Key Stage 3

In Geography we look at physical and human aspects of the world. We try to understand why they are there, how they happened and how they are changing so that we can appreciate what our futures might be like.

We look at a whole range of topics such as settlements and urban issues, natural hazards such as volcanoes, earthquakes and flooding, deserts and tropical rainforests, the countries of Italy, Japan and the developing world.

As well as using a range of traditional methods such as atlases and OS maps we also use a wide range of visual images as we study both photographs and video. By following current events in the news the relevance of Geography to everyday life is learnt.

We have the opportunity to go on field trips, for example studying how our local town centres are changing or further afield to explore areas of coastline.

Key Stage 4

We follow the AQA Geography GCSE exam syllabus which has 3 sections with 3 exam papers at the end of Year 11.

Students will travel the world from the classroom, exploring case studies in the UK, other developed countries, newly emerging economies like India and low-income countries. Topics of study include climate change, poverty, deprivation, global shift in economic power and the challenge of sustainable resource use and natural hazards. Students are also encouraged to understand their role in society, by considering different viewpoints, values and attitudes.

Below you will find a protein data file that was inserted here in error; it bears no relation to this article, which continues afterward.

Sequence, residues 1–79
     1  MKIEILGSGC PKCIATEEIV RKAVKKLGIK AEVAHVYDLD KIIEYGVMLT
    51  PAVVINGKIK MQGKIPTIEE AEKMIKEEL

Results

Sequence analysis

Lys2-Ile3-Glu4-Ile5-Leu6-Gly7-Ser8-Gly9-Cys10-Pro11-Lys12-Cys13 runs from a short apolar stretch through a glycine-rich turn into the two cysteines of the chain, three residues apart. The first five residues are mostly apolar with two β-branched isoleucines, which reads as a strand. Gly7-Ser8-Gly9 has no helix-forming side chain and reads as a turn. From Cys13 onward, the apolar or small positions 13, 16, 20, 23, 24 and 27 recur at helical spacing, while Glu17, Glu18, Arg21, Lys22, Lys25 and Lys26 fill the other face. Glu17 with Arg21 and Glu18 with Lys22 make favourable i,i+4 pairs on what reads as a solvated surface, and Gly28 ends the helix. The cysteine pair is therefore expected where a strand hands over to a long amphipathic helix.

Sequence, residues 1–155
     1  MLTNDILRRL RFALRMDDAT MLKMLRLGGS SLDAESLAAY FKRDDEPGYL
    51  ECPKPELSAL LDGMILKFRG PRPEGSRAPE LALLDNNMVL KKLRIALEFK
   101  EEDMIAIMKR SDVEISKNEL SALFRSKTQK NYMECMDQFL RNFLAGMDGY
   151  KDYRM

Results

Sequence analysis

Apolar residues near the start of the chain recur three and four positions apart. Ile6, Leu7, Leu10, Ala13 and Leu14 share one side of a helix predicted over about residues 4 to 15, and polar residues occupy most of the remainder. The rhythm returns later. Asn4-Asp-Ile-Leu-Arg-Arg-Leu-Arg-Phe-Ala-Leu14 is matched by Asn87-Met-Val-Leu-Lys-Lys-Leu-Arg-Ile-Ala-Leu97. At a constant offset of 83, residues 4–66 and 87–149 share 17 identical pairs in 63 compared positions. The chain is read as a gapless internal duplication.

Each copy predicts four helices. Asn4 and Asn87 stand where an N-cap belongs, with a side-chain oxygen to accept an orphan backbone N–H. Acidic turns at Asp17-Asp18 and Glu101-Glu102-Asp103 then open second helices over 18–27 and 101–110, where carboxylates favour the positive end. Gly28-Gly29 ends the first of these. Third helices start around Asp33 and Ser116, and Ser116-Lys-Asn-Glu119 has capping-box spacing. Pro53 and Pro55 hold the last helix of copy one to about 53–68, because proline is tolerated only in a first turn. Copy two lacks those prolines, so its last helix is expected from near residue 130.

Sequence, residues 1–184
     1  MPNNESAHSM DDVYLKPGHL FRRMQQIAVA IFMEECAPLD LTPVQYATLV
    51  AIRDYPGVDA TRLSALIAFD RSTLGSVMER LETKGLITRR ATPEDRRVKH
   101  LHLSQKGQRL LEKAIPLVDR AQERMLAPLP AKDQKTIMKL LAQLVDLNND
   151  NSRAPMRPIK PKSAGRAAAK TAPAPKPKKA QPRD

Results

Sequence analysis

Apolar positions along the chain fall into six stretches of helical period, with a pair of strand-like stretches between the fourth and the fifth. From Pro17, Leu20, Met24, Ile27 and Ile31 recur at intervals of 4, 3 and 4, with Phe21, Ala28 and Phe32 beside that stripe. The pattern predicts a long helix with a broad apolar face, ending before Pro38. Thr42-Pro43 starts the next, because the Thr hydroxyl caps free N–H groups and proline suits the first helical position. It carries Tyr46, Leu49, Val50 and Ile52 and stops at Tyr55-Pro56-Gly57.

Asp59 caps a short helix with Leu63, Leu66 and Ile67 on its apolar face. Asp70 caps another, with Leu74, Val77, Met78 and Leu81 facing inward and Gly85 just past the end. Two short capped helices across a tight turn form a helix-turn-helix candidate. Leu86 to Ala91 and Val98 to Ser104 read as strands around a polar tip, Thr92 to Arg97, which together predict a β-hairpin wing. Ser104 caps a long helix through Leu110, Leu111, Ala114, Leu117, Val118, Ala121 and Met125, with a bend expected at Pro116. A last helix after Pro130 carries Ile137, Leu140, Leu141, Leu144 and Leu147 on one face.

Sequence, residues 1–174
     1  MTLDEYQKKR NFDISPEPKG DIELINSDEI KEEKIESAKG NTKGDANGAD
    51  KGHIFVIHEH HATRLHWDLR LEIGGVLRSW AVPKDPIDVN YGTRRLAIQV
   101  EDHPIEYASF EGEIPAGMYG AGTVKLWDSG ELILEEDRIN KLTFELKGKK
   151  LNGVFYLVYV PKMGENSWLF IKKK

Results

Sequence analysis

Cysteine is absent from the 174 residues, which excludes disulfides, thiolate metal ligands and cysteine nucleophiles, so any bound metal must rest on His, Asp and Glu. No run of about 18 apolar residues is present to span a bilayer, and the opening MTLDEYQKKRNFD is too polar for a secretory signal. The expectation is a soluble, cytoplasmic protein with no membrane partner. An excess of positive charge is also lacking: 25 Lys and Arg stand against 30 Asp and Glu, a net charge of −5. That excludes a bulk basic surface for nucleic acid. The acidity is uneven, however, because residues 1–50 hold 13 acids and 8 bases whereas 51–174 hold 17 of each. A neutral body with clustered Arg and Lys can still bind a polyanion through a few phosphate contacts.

The syllabus will continue to develop skills acquired during KS3 using multiple visual resources maps, photographs, diagrams, DVDs and graphs. This suits our students very well as does the time spent discussing contemporary and relevant world issues in the news.

There is no differentiation between Higher and Foundation papers so students have full access to higher marks. The range of exam techniques includes multiple choice questions, visual analysis, short open questions and some extended writing questions.

There will be several field trips, including an urban investigation in London, a tourism enquiry in Brighton and possibly a residential trip to gain first- hand experience of tectonic activity.